A member of my Academia and the MOOC group on LinkedIn contacted me last month by email to further the discussion of MOOCs and "reforming higher education." He has been reading my posts for a few years and generally agrees with my thoughts, but he's coming from a very different background, which is what I found most interesting.
Muvaffak Gozaydin wrote that he is Turkish, but lived for a time in the U.S. While here, he did research at Caltech in the early 1960s and received an MSME in 1964 from Stanford, an MSIE in 1965 from Stanford and a MSEE in 1968 from Stanford. He did the latter while working for HP in Palo Alto, CA. That education got him a good life as a manager and CEO in Turkey.
He feels indebted to the U.S. and follows higher education here and abroad. What he observes is not any good will from the providers of online education to the larger educational world.
He was excited back in 2011 when Stanford made an online course into a MOOC and 160.000 signed up. 12.000 or so finished, which some see as disappointing, but I see as amazing. Has your school offered an online course and had 12,000 learners finish it?
His concern now is providing courses and degrees that fit the needs of 18 -22 years olds. He said that "The problem is there. Quality is low, price is high in the USA for Higher Ed."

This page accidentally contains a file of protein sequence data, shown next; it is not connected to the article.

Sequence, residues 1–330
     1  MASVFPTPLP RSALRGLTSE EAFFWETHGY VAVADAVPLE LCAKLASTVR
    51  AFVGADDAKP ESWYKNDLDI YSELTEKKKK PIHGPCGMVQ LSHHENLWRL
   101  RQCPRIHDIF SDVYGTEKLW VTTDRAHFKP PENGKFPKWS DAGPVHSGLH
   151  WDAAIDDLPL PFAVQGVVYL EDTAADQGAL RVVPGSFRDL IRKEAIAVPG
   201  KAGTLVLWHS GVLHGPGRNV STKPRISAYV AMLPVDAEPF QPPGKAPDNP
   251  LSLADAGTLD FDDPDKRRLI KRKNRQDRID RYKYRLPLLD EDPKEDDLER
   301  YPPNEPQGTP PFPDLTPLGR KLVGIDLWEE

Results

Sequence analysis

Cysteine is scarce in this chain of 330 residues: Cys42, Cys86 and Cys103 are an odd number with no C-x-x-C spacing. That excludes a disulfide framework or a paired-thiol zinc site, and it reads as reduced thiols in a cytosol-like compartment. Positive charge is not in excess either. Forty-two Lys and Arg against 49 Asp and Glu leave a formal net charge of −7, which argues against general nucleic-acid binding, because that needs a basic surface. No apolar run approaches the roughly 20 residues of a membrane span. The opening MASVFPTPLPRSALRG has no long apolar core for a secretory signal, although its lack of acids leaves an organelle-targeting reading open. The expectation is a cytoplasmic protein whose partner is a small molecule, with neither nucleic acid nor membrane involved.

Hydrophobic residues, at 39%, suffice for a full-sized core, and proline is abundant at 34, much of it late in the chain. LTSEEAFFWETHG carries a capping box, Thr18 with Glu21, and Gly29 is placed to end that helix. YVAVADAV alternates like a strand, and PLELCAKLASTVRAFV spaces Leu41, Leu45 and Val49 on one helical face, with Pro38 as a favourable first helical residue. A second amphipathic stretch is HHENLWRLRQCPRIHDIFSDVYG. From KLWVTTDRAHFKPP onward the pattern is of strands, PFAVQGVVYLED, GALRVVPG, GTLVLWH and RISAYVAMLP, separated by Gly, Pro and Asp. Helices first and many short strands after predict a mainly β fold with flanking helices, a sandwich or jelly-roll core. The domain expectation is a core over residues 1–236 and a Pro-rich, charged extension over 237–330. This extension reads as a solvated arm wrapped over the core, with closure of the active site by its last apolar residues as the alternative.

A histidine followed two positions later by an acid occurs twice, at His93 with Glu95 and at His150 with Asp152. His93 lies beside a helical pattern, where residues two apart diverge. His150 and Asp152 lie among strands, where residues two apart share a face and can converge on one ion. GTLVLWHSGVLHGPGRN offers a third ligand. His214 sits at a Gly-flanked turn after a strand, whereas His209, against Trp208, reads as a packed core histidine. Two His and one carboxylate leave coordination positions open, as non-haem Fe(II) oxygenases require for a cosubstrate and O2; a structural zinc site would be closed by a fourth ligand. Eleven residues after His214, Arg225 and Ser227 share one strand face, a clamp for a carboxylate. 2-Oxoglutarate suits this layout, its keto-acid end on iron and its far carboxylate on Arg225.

Georgia Tech offered a $7000 masters degree. MIT offered a supply chain management masters degree that was 50 % online with a 50 % reduction in tuition. But it has been 4 years since MOOCs peaked in media attention and further development has been very slow.
I had posted several articles on LinkedIn about corporate and MOOC use outside use the United States, including an effort by the French government. But how, he asks, can we convince America's top 200 schools to provide online degrees at lower cost?
Here is one idea he suggests. Students take as many courses as they want online and each online course causes a reduction in tuition of about 10 %. If they take 5 courses, online cost would be reduced 50 %.
That is quite a new idea, and not one most schools would easily sign on to try.
I have long believed with MOOCs it is more of evolution rather than revolution.
As I replied to Muvaffak, while universities here in the U.S. are non-profit, they are very concerned with money/profit. The MOOC was seen early on as a threat to the tuition and degree model that provides a good percentage of operating costs.
People thought Stanford, MIT, Harvard et al were first involved in MOOC experiments because they more innovative or more open. The top universities were quicker to jump into MOOCs because they have large endowment monies and tuition is less of a factor.?
It's encouraging that some schools like Georgia Tech are offering a few degrees fully online at lower cost. The rise of the mini-masters may help with this too.
It is ironic that many schools - including my own NJIT - were once charging more for online courses at one time (tech fees, development costs). That has largely ended, but schools don't see that the numbers (massive or less) in a MOOC (or MOC) offer the opportunity to maintain "profits" even with much lower costs.
Many educators think the MOOC revolution failed and they no longer have to worry about it.
Still, I try to promote and educate others about the MOOC approach - though at this point, I wish we had another name for them. Too much baggage.
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